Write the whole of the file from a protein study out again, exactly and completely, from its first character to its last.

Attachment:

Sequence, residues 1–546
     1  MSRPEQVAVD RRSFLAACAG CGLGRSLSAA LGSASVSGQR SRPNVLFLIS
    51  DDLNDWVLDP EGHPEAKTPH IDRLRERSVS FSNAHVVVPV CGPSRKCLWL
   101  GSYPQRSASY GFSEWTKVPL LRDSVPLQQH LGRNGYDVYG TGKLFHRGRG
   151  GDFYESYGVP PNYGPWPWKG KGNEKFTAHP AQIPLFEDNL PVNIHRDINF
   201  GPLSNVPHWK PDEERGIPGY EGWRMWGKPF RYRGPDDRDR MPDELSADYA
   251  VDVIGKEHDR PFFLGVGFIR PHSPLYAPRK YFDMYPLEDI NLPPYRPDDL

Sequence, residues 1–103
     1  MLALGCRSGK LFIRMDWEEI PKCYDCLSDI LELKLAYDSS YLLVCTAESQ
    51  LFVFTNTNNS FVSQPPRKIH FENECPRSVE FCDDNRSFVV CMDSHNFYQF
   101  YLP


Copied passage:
Sequence, residues 1–546
     1  MSRPEQVAVD RRSFLAACAG CGLGRSLSAA LGSASVSGQR SRPNVLFLIS
    51  DDLNDWVLDP EGHPEAKTPH IDRLRERSVS FSNAHVVVPV CGPSRKCLWL
   101  GSYPQRSASY GFSEWTKVPL LRDSVPLQQH LGRNGYDVYG TGKLFHRGRG
   151  GDFYESYGVP PNYGPWPWKG KGNEKFTAHP AQIPLFEDNL PVNIHRDINF
   201  GPLSNVPHWK PDEERGIPGY EGWRMWGKPF RYRGPDDRDR MPDELSADYA
   251  VDVIGKEHDR PFFLGVGFIR PHSPLYAPRK YFDMYPLEDI NLPPYRPDDL

Sequence, residues 1–103
     1  MLALGCRSGK LFIRMDWEEI PKCYDCLSDI LELKLAYDSS YLLVCTAESQ
    51  LFVFTNTNNS FVSQPPRKIH FENECPRSVE FCDDNRSFVV CMDSHNFYQF
   101  YLP